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7th Cir. Upholds Denial of Class Certification in TCPA Cases Due to Individualized Issues of Consent

On a consolidated appeal for purposes of disposition, the U.S. Court of Appeals for the Seventh Circuit recently affirmed the trial courts’ rulings denying class certification to lead plaintiffs who received faxed advertisements that allegedly did not comply with the Telephone Consumer Protection Act and the Federal Communication Commission’s Solicited Fax Rule.

In so doing, the Seventh Circuit, relying upon the D.C. Circuit’s 2017 decision in Bais Yaakov of Spring Valley v. FCC regarding the validity of the FCC’s 2006 Solicited Fax Rule, concluded that class treatment was not a superior mechanism for cases involving unsolicited faxes, as the question of consent is likely to vary from recipient to recipient.

A copy of the opinion in Alpha Tech Pet, Inc. v. Lagasse, LLC. is available at:  Link to Opinion.

In the first of two underlying class action cases brought by two plaintiffs alleging violations of the TCPA, 47 U.S.C. 227, et seq., an insurance wholesaler (“Plaintiff 1”) received two identical one-page faxes from an insurance company’s affiliate or subsidiary, created by the insurance company’s marketing department.

Though Plaintiff 1 contracted with the insurance company and agreed that it “may choose to communicate with [him] through the use of … facsimile to [his] … facsimile numbers,” and provided the number at issue, the fax number was shared by seven other insurance agents, and the fax at issue was not directed to Plaintiff 1 or any specific person or entity.

Plaintiff 1 filed a putative class action suit in Illinois state court, raising claims against the insurer, arguing that the faxed advertisements violated the TCPA and the FCC’s Solicited Fax Rule.

As you may recall, as amended by the Junk Fax Act, the TCPA prohibits the use of “any telephone facsimile machine … to send, to a telephone facsimile machine, an unsolicited advertisement.”  47 U.S.C. § 227(b)(1)(C).  The TCPA defines an unsolicited advertisement as “any material advertising the commercial availability or quality of any property, goods, or services which is transmitted to any person without that person’s prior express invitation or permission, in writing or otherwise.” Id. § 227(a)(5).  Although exceptions to the prohibitions on sending unsolicited faxes exist, the faxes must contain a notice meeting certain requirements, including a statement that the recipient may opt out from future unsolicited ads.  Id. § 227(b)(2)(D).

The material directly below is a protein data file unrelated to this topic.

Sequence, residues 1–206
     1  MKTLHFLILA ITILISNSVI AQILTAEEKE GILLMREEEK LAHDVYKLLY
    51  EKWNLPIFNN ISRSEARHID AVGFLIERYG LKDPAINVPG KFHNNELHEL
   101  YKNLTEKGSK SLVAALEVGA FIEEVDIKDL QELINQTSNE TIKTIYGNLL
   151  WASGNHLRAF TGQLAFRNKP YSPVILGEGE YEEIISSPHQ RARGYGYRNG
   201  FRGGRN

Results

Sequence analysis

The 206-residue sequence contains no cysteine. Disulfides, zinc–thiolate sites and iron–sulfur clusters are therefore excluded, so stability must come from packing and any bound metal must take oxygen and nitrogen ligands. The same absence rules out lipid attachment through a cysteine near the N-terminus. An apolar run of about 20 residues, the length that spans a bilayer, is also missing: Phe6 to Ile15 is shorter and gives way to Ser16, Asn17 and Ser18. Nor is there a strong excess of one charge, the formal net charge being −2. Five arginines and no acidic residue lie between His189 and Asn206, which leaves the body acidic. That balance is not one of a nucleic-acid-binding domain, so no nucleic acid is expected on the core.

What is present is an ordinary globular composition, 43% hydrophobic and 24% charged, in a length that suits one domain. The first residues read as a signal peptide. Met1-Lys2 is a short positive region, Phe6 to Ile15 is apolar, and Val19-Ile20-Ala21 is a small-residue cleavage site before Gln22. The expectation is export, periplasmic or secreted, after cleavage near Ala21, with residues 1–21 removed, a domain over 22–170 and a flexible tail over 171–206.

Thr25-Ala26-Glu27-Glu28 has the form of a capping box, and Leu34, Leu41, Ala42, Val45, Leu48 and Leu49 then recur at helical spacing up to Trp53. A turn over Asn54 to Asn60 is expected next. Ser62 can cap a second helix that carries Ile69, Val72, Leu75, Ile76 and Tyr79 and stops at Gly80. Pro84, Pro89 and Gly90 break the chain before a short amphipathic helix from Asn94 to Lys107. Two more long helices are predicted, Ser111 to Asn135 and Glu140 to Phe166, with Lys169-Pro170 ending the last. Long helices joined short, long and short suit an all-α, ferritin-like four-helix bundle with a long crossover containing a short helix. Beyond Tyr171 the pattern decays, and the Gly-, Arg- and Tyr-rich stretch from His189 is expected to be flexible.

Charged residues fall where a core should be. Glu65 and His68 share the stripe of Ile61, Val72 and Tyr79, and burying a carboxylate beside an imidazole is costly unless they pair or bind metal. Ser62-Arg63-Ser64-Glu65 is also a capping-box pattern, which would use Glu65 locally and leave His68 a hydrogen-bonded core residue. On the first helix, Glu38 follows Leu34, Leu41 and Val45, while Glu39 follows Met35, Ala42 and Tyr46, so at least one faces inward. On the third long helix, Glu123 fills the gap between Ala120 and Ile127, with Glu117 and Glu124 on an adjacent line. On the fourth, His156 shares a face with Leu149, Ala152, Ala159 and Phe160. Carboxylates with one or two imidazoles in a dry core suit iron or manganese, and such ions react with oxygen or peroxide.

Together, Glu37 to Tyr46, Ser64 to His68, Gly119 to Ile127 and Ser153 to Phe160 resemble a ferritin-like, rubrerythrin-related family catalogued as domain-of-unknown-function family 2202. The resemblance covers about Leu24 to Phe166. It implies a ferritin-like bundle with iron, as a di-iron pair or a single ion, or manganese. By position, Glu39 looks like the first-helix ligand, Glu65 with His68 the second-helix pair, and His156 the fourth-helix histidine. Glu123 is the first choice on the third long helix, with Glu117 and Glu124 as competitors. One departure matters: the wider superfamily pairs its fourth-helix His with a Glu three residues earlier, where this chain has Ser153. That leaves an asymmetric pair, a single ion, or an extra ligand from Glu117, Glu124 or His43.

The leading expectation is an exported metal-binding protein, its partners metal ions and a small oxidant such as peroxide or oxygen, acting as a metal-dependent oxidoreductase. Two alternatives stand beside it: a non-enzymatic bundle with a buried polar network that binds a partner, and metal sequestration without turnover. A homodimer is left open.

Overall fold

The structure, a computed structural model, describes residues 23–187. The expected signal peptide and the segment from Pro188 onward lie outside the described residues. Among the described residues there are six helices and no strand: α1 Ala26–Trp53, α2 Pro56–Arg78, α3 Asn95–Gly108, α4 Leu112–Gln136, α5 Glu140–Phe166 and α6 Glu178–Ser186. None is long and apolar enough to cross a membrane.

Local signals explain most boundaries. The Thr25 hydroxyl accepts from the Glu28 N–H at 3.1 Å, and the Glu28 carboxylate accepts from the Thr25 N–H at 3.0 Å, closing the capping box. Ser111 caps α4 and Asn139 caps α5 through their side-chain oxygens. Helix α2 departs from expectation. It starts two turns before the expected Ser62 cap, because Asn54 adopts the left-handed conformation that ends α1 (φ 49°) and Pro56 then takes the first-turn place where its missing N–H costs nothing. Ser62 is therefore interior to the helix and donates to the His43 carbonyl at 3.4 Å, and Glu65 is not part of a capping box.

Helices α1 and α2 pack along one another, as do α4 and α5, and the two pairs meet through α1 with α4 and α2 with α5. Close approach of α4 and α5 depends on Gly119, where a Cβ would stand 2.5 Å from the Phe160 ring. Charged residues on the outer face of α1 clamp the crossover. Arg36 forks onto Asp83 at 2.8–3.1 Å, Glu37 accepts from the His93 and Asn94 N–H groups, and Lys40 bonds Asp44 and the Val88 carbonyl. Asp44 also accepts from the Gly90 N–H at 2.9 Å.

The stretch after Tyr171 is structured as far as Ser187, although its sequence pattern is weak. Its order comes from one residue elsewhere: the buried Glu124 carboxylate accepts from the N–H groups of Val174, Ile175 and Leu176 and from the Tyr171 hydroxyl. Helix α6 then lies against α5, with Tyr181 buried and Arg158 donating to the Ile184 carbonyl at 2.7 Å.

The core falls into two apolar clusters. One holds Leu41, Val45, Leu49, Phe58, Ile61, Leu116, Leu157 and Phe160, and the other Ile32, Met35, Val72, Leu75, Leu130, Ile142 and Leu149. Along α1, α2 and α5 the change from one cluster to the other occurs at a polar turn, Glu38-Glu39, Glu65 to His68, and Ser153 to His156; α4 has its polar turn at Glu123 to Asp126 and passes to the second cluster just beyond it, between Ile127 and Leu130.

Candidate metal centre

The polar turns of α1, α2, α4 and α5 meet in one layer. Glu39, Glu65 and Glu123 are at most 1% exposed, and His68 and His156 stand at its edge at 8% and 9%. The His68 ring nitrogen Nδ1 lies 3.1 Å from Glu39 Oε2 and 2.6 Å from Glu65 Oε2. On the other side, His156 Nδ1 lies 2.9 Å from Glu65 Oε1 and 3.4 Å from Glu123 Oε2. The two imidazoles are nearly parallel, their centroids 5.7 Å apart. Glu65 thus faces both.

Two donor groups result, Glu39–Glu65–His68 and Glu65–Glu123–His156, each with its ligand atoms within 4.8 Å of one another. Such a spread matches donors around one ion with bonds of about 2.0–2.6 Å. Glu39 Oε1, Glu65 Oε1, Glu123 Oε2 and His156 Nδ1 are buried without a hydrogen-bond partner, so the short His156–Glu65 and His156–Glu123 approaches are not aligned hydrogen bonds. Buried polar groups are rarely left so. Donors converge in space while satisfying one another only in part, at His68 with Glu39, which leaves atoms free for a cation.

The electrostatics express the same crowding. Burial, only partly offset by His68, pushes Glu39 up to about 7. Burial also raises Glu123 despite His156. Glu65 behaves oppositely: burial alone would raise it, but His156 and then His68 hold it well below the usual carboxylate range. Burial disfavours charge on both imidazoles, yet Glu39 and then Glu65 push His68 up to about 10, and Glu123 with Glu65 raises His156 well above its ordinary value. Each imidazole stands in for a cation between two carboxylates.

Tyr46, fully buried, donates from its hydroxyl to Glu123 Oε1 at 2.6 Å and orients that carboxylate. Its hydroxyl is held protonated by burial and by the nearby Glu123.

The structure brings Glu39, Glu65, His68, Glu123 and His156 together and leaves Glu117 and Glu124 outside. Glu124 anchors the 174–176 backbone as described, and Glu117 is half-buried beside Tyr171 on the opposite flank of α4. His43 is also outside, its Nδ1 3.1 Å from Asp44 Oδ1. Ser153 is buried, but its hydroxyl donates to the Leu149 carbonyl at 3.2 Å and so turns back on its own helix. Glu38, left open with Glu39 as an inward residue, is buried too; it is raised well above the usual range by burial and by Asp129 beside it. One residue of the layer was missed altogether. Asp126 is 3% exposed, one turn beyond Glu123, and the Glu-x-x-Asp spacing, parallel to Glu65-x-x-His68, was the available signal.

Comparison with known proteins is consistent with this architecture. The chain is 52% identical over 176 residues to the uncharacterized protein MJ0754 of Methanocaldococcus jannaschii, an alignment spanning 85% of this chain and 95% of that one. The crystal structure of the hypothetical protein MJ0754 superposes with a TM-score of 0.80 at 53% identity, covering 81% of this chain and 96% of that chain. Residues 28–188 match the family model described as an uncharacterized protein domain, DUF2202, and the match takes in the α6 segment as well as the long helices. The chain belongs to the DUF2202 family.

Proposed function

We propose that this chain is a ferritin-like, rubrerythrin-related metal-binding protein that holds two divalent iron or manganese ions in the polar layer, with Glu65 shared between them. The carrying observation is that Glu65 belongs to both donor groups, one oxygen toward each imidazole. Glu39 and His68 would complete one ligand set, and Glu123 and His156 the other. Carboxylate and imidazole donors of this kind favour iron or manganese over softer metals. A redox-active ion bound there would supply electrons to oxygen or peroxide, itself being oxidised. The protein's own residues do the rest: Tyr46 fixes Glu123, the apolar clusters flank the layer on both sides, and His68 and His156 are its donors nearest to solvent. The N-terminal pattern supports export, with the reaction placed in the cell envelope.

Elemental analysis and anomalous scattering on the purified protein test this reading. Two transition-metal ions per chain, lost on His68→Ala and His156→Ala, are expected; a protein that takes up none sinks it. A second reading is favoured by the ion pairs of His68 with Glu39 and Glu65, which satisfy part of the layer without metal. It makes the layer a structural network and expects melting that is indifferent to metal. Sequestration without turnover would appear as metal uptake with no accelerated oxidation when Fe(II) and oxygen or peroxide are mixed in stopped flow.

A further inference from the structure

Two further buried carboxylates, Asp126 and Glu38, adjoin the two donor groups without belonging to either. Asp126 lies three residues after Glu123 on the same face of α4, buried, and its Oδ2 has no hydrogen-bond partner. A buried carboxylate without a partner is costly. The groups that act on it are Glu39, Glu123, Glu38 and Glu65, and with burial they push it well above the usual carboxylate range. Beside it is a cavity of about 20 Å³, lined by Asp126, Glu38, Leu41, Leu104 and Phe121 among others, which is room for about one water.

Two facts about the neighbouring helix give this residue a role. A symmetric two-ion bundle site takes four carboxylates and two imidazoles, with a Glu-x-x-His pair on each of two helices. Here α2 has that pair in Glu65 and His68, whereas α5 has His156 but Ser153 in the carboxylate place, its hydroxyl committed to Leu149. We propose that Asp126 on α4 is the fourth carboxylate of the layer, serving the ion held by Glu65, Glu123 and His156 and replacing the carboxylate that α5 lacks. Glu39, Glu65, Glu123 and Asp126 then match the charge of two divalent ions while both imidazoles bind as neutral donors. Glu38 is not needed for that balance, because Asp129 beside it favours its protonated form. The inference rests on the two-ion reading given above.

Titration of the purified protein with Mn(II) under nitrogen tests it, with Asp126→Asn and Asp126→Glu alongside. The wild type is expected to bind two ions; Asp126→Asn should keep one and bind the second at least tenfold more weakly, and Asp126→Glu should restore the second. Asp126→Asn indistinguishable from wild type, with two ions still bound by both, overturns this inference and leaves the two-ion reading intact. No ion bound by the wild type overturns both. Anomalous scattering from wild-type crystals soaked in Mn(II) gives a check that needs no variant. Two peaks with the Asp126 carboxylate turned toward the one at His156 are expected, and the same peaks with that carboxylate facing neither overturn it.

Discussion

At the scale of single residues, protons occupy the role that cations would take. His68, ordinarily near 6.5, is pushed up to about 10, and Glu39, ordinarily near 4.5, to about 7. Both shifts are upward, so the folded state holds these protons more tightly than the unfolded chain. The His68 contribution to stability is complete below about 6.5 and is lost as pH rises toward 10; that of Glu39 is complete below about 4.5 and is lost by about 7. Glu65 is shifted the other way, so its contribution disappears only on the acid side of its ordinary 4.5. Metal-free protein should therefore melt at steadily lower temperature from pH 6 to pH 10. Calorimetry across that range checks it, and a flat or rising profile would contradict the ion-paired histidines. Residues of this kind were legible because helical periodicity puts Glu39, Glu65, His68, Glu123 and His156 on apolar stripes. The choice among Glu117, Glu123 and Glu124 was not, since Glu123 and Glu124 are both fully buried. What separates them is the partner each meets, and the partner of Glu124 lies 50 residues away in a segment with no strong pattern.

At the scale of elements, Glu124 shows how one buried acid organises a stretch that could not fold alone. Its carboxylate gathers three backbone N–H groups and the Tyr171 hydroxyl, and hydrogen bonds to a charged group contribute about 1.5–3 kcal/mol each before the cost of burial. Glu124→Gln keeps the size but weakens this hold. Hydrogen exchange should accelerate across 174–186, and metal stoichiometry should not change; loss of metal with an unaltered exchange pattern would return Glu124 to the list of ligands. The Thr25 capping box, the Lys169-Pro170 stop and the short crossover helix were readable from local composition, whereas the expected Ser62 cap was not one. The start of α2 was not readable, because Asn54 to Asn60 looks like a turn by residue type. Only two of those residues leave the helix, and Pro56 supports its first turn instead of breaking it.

The FCC’s 2006 amendment to the rules governing facsimile transmissions, known as the “Solicited Fax Rule,” took this requirement a step further, declaring that all faxes, not just those that are unsolicited, must include an opt-out notice that informs the recipient of the ability and means to avoid future unsolicited advertisements.  47 C.F.R. § 64.1200(a)(4)(iv).

The insurer removed the action to federal court and raised affirmative defenses of pre-existing business relationship and consent, pointing to the contractual language in Plaintiff 1’s contract with its parent or affiliated insurance company, and the opt-out language on the fax itself.

Nonetheless, the trial court certified a class under Fed. R. Civ. P. 23(b)(3) of recipients of faxes that advertised insurance products sold by the insurer, over the insurer’s plea that it should wait until the FCC had a chance to rule on the insurer’s request for a retroactive waiver of the “Solicited Fax Rule” and until the D.C. Circuit handed down its decision in the case of Bais Yaakov of Spring Valley v. FCC, then-pending before the D.C. Circuit.